The Doctrine of Common Purpose

By 11th September 2022Criminal Law
rape common law crime

Recently our nation was shocked to the core by the horrific attacks and the rape of eight women in Krugersdorp. More than eighty men were arrested by the police on the alleged charges of various crimes including armed robbery and rape. The media reported that the arrested men wore blankets and balaclavas during the commission of the alleged crimes. The question now remains, can all the men arrested be charged with the crime of rape based on the doctrine of common purpose?

Rape is a common law crime and defined as unlawful sexual activity, that involves non-consensual sexual intercourse with the victim through force or with an individual who is incapable of giving legal consent due to minor status, mental illness, intoxication, unconsciousness, or deception. Rape was previously only deemed to be caused by the perpetrator’s uncontrolled sexual desires, but it is also now understood as a compulsive contention of power over a victim and classified as an extreme form of gender-based violence (GBV). Armed robbery is an aggravated form of theft that involves the use of a lethal weapon to commit violence or the threat of violence against a victim.

The doctrine of common purpose is where two or more persons agree to commit a crime by prior agreement, either expressed or implied or where there is no prior agreement by actively associating in the commission of the crime. For example when a group of people come together and plan to kill a person and execute their plan, according to the doctrine of common purpose the group of people would be guilty of murder based on common purpose.

Prior to 2019, there were conflicting views on whether a person may be convicted of the crime of rape based on common purpose as the crime of rape was determined by the requirement of the unlawful insertion of the male sexual organ into the female sexual organ and further argued that it would be impossible to apply the doctrine of common purpose to the requirement of rape as the causal element cannot be imputed to a co-perpetrator as the instrumentality of one’s body is required for the commission of the crime.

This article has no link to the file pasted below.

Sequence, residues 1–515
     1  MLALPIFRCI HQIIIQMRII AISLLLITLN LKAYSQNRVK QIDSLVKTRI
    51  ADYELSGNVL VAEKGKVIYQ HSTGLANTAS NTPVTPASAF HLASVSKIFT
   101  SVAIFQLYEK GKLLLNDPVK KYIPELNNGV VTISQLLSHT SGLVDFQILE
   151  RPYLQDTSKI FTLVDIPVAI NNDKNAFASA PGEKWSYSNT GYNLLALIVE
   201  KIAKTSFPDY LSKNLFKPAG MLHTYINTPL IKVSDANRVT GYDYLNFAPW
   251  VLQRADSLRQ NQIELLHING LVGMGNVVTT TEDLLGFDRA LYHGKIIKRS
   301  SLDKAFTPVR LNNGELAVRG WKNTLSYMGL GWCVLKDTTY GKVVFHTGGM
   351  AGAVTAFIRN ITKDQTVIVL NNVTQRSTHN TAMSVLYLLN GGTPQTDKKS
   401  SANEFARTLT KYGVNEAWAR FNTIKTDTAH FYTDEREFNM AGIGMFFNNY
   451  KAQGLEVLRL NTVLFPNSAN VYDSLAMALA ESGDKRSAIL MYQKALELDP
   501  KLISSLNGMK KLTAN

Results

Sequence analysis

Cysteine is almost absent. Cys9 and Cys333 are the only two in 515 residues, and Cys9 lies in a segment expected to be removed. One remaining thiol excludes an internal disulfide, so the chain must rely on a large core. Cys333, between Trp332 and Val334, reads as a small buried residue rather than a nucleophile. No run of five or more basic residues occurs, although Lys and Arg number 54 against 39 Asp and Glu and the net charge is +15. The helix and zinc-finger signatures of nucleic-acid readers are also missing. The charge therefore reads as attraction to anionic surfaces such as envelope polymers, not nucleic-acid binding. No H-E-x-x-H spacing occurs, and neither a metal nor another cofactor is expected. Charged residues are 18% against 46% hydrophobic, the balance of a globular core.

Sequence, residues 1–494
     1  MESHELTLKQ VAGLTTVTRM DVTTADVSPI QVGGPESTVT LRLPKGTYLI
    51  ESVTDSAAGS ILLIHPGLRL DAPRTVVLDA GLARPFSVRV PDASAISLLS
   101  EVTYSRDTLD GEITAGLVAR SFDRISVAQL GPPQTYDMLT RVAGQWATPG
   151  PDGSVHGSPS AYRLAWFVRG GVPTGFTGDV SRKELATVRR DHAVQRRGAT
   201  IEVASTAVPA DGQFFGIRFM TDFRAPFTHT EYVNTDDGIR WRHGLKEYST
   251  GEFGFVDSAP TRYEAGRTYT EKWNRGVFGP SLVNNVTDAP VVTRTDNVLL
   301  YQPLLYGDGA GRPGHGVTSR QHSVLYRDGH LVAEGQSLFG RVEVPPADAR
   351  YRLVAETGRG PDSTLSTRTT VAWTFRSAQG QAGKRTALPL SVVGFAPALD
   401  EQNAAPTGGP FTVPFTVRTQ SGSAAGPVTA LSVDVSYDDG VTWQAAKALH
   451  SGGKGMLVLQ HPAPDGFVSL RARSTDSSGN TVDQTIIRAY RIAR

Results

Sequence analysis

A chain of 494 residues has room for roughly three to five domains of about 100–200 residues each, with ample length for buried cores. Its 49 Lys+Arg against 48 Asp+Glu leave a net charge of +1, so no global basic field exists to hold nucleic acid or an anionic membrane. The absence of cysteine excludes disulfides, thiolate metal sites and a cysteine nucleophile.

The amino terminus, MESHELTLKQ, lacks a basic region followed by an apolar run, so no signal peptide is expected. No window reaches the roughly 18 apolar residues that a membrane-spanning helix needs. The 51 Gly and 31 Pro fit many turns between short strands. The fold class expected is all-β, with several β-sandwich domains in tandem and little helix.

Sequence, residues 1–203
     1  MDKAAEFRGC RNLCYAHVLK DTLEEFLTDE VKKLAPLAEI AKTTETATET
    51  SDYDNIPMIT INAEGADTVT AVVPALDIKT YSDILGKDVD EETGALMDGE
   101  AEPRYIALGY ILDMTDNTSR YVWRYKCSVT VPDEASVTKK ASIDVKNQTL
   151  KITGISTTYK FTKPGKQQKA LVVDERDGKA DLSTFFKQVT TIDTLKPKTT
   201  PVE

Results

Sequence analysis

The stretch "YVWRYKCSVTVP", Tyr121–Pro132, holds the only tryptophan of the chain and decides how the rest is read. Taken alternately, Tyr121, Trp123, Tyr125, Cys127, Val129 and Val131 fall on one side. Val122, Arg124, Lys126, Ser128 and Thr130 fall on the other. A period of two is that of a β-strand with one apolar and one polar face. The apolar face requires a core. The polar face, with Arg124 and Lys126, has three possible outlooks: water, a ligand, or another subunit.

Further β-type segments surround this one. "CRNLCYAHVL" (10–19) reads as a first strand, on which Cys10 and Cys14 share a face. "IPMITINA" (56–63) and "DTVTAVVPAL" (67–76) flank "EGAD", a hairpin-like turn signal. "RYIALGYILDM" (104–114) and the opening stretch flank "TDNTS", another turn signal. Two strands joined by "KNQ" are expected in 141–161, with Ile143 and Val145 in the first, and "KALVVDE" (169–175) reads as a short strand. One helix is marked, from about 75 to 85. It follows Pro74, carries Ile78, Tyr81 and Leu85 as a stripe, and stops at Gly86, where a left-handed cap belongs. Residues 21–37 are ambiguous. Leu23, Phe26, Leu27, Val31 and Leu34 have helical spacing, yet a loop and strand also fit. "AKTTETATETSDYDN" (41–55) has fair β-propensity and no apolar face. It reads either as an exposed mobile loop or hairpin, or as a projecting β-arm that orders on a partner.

This argument was overturned in 2019 in the Constitutional judgement in the case of Tshabalalah v S (Commissioner for Gender Equality and Centre for Applied Legal Studies Amici Curiae); Ntuli v S CCT323/18 & CCT69/19. In this case, a group of men went on a crime spree in the township of Thembisa, Gauteng. The men broke into houses and caused malicious damage to property and some of the men raped eight women, the other men stood as lookouts. The High Court convicted the group of men on seven counts of common law rape based on the doctrine of common purpose.  The Constitutional Court judgement held that the men knowingly and with the required intention participated in the unlawful actions of the group and fully associated themselves with the criminal conduct.

Although there is no clarity on the progress of the successful prosecution of the men arrested for the Krugersdorp terror, South African laws and legal precedents do create the platform to secure a successful prosecution and one must just believe that justice will prevail in the end. Should you need legal assistance or advice, do not hesitate to contact us, our criminal experts will be ready to assist you.


Charne Sebonka


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